Should you use a fogging machine for COVID-19 decontamination? No, says this CIRI technical document

by Brianna Crandall — June 5, 2020 — The Cleaning Industry Research Institute (CIRI), a 501c3 nonprofit organization dedicated to the development and dissemination of unbiased, peer-reviewed research for the professional cleaning and disaster restoration industries, has just issued its official guidance document for the cleaning and decontamination of hard surfaces in non-healthcare environments from the SARS-CoV-2 coronavirus, which causes COVID-19. The document addresses such equipment as fogging machines and UV devices.

Developed by CIRI’s Science Advisory Committee members, “Guidance for Decontamination of the Built Environment: Cleaning, Disinfection, Worker Protection, and Post Cleaning and Remediation Assessment” provides an overview of what’s known about COVID-19, including its biology, epidemiology, pathology and current modes of transmission.

Using this framework, the authors use peer-reviewed research to outline recommendations around health-based cleaning and disinfection practices.

John Downey, executive director, CIRI, stated:

In the absence of a governing standard to direct cleaning protocols, this Guidance is designed to provide cleaning professionals with easily identifiable best practices for cleaning and disinfection during the pandemic. It is our hope that organizations throughout the cleaning and disaster restoration industries use this heavily sourced, science-based Guidance to inform their cleaning and disinfection protocols.

Within the guidance, cleaning and restoration professionals will find best practices and resources around the following areas of their custodial or remediation operation:

  • Worker protection
  • Decontamination
  • Cleaning
  • Disinfection
  • Post-cleaning assessments and measurement

Of specific note, the Guidance advises against the use of chemical germicide misting or fogging machines as an effective means of disinfection. Researchers cite a 2013 letter written by Steven Bradbury, PhD, Director of the US EPA’s Office of Pesticide Programs. The letter highlights issues with the efficacy of the application method.

The Guidance does say that modern ultraviolet (UV) radiation or vaporized biocide treatment devices can be useful, particularly after regular manual cleaning in healthcare environments.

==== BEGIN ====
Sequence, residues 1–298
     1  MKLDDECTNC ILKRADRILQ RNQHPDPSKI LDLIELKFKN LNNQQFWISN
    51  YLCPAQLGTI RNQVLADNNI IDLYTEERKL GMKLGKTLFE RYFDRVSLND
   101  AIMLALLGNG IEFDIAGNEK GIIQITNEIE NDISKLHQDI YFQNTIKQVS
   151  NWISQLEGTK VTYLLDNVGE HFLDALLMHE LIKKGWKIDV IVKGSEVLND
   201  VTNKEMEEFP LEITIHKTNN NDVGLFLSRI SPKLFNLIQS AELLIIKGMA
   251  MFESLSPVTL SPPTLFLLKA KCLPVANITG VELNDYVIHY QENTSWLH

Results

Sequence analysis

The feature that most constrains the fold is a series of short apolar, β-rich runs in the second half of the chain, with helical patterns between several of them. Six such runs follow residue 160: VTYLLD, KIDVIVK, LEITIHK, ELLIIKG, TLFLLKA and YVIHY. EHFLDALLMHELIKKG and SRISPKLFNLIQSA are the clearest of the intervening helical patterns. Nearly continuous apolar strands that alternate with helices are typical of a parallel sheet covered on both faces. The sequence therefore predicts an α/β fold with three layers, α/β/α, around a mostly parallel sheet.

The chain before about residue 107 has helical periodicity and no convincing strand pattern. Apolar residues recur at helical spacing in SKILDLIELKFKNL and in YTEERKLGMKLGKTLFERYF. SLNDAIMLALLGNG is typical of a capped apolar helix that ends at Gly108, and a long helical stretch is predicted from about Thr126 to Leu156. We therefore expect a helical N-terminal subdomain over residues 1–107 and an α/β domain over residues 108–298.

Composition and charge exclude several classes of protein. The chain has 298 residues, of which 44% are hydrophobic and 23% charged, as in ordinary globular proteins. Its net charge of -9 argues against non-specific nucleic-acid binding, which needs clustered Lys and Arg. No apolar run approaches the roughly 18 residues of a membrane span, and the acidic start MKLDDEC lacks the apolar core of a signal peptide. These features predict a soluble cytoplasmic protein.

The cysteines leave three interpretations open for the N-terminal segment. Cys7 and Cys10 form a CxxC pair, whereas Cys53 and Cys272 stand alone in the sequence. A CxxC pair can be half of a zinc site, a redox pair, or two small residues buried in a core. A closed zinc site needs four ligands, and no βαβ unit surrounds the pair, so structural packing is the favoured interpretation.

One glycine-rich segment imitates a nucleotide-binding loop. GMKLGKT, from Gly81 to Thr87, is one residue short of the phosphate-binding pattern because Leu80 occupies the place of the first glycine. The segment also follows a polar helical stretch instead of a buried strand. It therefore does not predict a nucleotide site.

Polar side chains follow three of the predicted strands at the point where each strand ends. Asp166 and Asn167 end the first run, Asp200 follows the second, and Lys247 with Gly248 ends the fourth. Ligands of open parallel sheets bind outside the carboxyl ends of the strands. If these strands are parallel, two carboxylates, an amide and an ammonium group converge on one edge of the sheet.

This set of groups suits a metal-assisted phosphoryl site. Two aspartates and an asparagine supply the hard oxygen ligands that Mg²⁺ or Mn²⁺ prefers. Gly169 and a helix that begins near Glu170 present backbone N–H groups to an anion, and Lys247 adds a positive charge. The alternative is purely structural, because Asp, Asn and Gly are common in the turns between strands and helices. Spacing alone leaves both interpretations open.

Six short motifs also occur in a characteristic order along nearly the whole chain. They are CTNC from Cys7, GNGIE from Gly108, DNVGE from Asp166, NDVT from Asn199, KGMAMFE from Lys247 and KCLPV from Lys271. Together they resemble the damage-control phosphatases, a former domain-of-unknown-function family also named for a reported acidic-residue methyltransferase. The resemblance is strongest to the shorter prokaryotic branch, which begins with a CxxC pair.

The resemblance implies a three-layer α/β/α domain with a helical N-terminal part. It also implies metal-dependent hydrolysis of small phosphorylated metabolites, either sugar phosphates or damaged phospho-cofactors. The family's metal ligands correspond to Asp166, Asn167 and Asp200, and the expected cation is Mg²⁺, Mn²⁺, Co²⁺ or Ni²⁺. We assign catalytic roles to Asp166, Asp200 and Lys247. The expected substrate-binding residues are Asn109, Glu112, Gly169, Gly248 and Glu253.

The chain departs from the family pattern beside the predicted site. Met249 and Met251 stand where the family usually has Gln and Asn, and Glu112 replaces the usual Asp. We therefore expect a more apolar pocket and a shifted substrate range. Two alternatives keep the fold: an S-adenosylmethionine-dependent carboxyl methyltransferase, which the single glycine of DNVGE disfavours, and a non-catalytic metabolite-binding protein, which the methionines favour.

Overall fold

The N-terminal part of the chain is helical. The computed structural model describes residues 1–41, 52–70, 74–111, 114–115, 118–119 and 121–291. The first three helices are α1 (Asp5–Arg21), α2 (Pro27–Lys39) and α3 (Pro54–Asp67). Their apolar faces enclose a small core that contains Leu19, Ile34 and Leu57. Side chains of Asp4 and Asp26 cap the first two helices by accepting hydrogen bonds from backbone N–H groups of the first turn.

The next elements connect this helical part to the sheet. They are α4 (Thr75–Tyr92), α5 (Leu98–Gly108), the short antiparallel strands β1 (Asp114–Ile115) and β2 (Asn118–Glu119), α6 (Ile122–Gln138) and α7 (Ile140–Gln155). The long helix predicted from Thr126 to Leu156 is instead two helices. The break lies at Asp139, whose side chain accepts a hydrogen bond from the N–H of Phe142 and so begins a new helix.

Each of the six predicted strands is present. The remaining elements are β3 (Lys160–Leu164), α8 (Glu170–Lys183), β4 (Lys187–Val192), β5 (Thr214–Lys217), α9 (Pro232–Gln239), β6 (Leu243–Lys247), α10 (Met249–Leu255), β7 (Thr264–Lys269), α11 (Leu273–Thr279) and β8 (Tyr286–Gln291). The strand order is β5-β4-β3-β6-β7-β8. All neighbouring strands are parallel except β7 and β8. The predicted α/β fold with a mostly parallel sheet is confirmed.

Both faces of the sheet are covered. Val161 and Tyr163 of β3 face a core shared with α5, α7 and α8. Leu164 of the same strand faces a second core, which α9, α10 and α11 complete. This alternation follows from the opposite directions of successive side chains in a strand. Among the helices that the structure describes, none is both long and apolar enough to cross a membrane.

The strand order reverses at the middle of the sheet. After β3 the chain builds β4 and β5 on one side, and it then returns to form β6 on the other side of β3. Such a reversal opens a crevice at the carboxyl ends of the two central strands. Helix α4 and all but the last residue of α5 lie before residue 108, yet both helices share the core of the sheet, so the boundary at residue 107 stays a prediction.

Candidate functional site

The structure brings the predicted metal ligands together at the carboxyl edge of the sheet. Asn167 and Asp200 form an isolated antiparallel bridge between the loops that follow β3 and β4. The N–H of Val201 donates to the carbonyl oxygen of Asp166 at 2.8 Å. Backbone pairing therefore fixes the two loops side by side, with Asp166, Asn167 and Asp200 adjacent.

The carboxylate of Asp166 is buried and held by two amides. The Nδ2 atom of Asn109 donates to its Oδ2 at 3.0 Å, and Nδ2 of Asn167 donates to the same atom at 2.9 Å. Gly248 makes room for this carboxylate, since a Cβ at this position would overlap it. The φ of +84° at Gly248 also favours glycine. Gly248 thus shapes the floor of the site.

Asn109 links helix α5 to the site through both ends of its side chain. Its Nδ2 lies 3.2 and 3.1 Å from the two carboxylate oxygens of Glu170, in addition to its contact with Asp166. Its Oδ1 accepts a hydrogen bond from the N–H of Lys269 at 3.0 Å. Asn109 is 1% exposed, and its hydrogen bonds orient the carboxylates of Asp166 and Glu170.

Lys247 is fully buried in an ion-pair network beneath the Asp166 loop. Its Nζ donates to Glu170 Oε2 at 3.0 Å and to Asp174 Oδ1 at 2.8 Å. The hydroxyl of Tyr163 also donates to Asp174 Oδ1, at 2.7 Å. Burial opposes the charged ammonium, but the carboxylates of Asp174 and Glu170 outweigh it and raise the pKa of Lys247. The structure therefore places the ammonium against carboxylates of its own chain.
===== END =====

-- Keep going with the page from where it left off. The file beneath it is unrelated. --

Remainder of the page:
Downey continued:

With so many claims being made around certain cleaning products and practices, it’s more important than ever that we start with sound, documented science as a basis for our cleaning programs. From gyms to hotels, schools to retail shops, people want to know that it’s safe to visit indoor spaces as communities begin to reopen. Using science to inform our cleaning protocols will help us ensure this.

Guidance for Decontamination of the Built Environment: Cleaning, Disinfection, Worker Protection, and Post Cleaning and Remediation Assessment” is available free of charge on the CIRI website.

The 2020 CIRI Science Symposium, a full-day full-day (8-hour) session of academic presentations and research presented around cleaning for COVID-19 and coronavirus originally recorded on March 31, 2020, is also available. The Symposium is broken down into three sessions that focus on communications, testing and assessment, and strategies for worker training, safety and pandemic preparedness.

Continuing education credits (CECs) are available through a post-symposium exam for individuals looking to maintain certifications through Institute of Inspection Cleaning and Restoration Certification (IICRC), ISSA and the American Council for Accredited Certification (ACAC).

CIRI is an independent and impartial institute focused on cleaning and building maintenance research to improve cleaning and restoration outcomes and indoor environmental quality (IEQ) for all indoor environments. CIRI serves the dual purpose of serving both the “public good” as well as the cleaning and restoration industries, and works with all leading industry groups.